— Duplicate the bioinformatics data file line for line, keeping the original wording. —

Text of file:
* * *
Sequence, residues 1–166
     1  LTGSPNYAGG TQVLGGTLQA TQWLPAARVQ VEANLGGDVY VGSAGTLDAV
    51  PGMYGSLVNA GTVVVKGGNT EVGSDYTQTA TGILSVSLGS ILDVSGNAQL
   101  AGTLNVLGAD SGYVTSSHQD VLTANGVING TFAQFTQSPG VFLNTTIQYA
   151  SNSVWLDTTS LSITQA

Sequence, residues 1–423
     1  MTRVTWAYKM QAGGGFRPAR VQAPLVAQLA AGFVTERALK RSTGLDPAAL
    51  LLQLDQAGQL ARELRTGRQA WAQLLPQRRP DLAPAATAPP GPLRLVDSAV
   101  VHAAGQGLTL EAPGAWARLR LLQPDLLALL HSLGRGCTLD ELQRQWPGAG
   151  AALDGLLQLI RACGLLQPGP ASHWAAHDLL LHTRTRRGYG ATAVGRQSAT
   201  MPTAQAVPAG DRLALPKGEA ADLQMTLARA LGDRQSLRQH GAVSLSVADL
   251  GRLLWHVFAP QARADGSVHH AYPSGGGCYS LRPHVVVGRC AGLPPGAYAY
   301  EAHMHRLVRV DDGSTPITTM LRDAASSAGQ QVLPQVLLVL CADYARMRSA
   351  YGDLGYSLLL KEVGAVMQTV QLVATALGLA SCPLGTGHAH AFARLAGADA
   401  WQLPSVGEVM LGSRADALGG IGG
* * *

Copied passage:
Sequence, residues 1–166
     1  LTGSPNYAGG TQVLGGTLQA TQWLPAARVQ VEANLGGDVY VGSAGTLDAV
    51  PGMYGSLVNA GTVVVKGGNT EVGSDYTQTA TGILSVSLGS ILDVSGNAQL
   101  AGTLNVLGAD SGYVTSSHQD VLTANGVING TFAQFTQSPG VFLNTTIQYA
   151  SNSVWLDTTS LSITQA

Sequence, residues 1–423
     1  MTRVTWAYKM QAGGGFRPAR VQAPLVAQLA AGFVTERALK RSTGLDPAAL
    51  LLQLDQAGQL ARELRTGRQA WAQLLPQRRP DLAPAATAPP GPLRLVDSAV
   101  VHAAGQGLTL EAPGAWARLR LLQPDLLALL HSLGRGCTLD ELQRQWPGAG
   151  AALDGLLQLI RACGLLQPGP ASHWAAHDLL LHTRTRRGYG ATAVGRQSAT
   201  MPTAQAVPAG DRLALPKGEA ADLQMTLARA LGDRQSLRQH GAVSLSVADL
   251  GRLLWHVFAP QARADGSVHH AYPSGGGCYS LRPHVVVGRC AGLPPGAYAY
   301  EAHMHRLVRV DDGSTPITTM LRDAASSAGQ QVLPQVLLVL CADYARMRSA
   351  YGDLGYSLLL KEVGAVMQTV QLVATALGLA SCPLGTGHAH AFARLAGADA
   401  WQLPSVGEVM LGSRADALGG IGG